Research shows that rosemary oil has the potential to combat bad oral odors and improve oral health thanks to antibacterial properties. One study published in the Research Journal of Pharmacy and Technology found that varying concentrations of rosemary oil had the ability to inhibit the development of Streptococcus mutans, a bacteria largely responsible for tooth decay. The researchers believe that rosemary essential oil contains antibacterial properties that help to prevent the growth of bacteria, which can damage teeth and gums and lead to gingivitis, cavities and plaque build-up.

Rosemary oil can also be used to eliminate bad odor, both orally and in the larger room around you. Used as an oil pull, rosemary oil can prevent bacteria that lead to stinky breath. As an aromatherapy, rosemary oil works to eliminate bad odors by infusing its own sweet, aromatic scent into the room. Thanks to its camphor content, this pungent smell can quickly overpower any bad odors.

5. Aids in Relaxation

Inhaling the fragrance of rosemary essential oil can help individuals relax and feel less stressed out. Not only is the process of aromatherapy relaxing in itself, rosemary essential oil contains chemicals that trigger neurological reactions that reduce stress and increase calm.

A study published in Psychiatry Research found that inhaling a blend of rosemary oil and lavender oil could reduce cortisol levels. Cortisol is the human stress hormone, which is triggered ay time we start to feel nervous tension, anxiety and fatigue. Participants breathed in the aroma of rosemary for five minutes and showed decreased levels of cortisol in saliva immediately afterwards.

The same study found that rosemary encouraged free radical scavenging activity (FRSA), which helps to counteract oxidative stress in cells that can lead to cancer and a host of other diseases. The aromatherapy with rosemary oil showed an increased stimulation of FRSA immediately after use.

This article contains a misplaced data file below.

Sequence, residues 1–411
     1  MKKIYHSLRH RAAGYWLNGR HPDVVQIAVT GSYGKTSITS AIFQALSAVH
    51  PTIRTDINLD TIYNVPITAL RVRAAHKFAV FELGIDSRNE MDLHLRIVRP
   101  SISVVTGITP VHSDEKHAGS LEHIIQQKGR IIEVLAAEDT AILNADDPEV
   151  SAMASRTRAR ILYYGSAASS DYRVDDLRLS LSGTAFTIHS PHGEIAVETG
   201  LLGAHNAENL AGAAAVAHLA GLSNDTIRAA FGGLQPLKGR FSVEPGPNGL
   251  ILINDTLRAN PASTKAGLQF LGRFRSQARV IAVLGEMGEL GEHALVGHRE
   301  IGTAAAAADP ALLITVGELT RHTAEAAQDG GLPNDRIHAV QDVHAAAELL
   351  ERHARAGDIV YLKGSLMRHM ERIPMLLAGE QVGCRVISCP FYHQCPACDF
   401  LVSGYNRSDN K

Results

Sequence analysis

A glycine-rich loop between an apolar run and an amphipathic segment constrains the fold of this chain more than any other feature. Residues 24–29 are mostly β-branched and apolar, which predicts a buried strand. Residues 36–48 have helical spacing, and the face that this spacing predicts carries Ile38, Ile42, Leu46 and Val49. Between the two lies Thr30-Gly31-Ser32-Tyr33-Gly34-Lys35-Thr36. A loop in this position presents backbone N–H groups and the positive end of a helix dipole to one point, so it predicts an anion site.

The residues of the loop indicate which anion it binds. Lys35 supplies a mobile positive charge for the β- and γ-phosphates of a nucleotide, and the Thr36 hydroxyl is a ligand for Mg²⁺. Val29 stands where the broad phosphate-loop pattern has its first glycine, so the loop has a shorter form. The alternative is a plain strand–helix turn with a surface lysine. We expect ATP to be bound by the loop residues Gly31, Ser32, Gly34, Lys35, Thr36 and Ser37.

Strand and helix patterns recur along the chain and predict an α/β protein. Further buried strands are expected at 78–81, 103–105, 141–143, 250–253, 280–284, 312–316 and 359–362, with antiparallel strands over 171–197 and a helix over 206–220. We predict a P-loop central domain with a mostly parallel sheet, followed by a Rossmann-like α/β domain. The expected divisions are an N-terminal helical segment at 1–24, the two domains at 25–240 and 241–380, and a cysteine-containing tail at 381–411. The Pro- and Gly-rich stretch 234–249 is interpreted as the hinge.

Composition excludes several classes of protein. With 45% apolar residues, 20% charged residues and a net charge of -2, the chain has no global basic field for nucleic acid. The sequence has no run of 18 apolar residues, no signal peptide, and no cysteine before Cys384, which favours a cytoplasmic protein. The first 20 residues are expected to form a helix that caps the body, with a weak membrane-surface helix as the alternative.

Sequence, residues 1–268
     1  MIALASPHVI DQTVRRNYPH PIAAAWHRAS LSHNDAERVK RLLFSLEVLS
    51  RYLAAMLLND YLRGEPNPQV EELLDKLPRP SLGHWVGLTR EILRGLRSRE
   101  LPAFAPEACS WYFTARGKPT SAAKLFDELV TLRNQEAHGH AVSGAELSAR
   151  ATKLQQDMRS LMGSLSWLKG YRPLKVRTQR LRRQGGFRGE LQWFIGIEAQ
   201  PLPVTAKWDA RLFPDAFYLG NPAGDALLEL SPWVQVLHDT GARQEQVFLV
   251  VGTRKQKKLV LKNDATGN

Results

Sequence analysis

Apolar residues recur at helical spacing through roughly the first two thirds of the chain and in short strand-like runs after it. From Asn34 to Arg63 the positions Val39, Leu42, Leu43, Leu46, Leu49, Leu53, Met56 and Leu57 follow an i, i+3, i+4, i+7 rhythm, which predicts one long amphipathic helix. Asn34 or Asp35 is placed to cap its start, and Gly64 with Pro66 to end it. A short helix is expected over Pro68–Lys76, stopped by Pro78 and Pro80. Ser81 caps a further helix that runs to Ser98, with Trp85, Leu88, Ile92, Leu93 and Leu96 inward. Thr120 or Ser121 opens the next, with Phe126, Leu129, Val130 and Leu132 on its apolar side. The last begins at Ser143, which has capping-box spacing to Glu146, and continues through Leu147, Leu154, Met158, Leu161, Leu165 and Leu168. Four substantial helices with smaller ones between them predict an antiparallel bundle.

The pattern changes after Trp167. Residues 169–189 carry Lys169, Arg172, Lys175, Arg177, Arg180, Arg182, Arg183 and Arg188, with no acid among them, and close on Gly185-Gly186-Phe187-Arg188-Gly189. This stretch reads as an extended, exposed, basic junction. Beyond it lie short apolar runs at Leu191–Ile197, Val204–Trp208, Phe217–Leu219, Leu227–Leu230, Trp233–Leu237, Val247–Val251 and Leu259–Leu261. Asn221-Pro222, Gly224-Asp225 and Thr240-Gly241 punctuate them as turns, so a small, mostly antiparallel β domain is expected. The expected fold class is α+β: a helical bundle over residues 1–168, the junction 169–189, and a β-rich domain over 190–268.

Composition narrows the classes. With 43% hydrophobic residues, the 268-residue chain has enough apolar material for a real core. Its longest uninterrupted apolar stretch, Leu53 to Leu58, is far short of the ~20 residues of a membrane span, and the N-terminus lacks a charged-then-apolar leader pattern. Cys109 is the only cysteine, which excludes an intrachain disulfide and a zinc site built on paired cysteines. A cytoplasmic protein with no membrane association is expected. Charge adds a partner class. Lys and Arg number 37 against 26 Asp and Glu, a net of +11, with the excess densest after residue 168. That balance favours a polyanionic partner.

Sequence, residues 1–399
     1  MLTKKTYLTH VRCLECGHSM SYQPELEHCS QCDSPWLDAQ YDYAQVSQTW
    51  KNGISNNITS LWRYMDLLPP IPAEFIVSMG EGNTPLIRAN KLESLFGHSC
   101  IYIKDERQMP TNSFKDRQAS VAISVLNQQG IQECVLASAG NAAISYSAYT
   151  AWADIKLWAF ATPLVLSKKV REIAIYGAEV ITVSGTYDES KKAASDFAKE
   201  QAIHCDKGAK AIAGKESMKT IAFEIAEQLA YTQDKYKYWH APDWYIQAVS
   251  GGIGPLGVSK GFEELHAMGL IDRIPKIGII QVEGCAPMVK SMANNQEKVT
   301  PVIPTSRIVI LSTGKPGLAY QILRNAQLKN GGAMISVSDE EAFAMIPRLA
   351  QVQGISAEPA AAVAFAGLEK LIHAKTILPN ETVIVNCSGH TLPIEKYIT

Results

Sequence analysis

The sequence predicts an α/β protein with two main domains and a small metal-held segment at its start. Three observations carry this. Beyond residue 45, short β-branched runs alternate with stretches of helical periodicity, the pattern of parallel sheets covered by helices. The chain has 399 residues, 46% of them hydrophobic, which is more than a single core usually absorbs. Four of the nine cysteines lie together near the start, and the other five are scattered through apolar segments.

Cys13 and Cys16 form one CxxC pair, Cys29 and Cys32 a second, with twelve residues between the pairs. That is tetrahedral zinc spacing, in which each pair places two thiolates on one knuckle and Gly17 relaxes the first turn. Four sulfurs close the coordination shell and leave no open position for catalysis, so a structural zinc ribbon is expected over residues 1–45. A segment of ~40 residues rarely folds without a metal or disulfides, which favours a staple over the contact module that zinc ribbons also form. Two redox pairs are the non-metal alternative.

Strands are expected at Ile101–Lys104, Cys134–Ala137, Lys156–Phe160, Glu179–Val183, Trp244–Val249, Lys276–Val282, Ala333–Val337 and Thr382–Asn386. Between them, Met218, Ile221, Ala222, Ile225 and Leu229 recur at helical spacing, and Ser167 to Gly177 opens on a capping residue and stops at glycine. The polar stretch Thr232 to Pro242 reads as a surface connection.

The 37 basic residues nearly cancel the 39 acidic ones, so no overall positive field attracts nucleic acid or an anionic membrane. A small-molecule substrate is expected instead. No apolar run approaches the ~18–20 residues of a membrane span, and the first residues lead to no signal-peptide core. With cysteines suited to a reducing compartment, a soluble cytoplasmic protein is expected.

6. Promotes a Strong Immune System

As mentioned, rosemary essential oil contains an array of phenols and antioxidants that work to support overall health. These compounds fight free radicals that are caused by pollution, UV rays and other harmful factors in diet and environment that can lead to cell oxidation. When cells oxidize, they become susceptible to attacks from a variety of chemicals, viruses and bacteria leading to serious illness including cancer and heart disease.

With a powerful store of antioxidants, your body will be able to fight off the common cold and flu. Stress is another contributing factor to overall immune system health and with regular use of rosemary oil, you can unwind and keep your health on track.

7. Reduces Aches and Pains

Rosemary oil can be used both topically and as an aromatherapy to help alleviate pain. Aromatherapy enables to body to relax and release stress, which can minimize muscle contractions that can cause achy muscles where people carry their stress. Rosemary oil has also been used for centuries to treat pain associated with headaches and stomach cramps.

Topical application of rosemary oil has also shown potential to treat pain when combined with common medications such as codeine and paracetamol. One 2015 study found that latency times increased when mice were given a combination of rosemary oil and codeine and then subjected to heat-induced pain. The study results demonstrated the potential use of rosemary oil in the management of pain when used in conjunction with pain-relieving drugs.